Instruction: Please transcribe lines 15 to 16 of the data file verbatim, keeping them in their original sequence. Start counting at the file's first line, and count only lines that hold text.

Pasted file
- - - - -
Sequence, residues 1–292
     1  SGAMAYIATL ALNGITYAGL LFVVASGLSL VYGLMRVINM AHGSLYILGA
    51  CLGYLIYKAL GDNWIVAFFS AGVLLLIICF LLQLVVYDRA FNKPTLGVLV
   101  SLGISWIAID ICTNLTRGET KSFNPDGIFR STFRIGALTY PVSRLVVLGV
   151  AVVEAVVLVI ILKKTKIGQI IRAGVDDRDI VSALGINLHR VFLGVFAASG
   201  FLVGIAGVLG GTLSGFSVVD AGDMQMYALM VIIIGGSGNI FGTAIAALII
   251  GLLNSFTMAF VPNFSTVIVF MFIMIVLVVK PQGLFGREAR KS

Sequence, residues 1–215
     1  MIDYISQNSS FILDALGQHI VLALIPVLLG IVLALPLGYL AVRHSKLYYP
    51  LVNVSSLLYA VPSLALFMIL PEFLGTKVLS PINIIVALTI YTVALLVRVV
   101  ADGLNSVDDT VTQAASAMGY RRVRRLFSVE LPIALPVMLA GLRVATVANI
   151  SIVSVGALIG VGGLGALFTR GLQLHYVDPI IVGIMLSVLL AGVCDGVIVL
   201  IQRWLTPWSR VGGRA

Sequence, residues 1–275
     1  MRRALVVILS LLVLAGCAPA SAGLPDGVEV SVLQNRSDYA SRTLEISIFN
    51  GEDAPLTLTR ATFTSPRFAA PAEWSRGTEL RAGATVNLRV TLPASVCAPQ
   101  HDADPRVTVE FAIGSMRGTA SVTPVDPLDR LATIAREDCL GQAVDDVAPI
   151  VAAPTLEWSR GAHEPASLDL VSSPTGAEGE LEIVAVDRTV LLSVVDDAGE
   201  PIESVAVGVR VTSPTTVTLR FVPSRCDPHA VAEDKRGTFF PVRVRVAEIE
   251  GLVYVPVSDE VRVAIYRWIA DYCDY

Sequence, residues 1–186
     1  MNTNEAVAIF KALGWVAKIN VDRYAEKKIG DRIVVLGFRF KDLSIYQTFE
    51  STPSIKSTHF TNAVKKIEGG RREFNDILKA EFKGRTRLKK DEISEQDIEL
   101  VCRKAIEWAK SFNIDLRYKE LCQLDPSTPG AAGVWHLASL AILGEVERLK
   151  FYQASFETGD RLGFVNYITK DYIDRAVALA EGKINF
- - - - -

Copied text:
     1  MRRALVVILS LLVLAGCAPA SAGLPDGVEV SVLQNRSDYA SRTLEISIFN
    51  GEDAPLTLTR ATFTSPRFAA PAEWSRGTEL RAGATVNLRV TLPASVCAPQ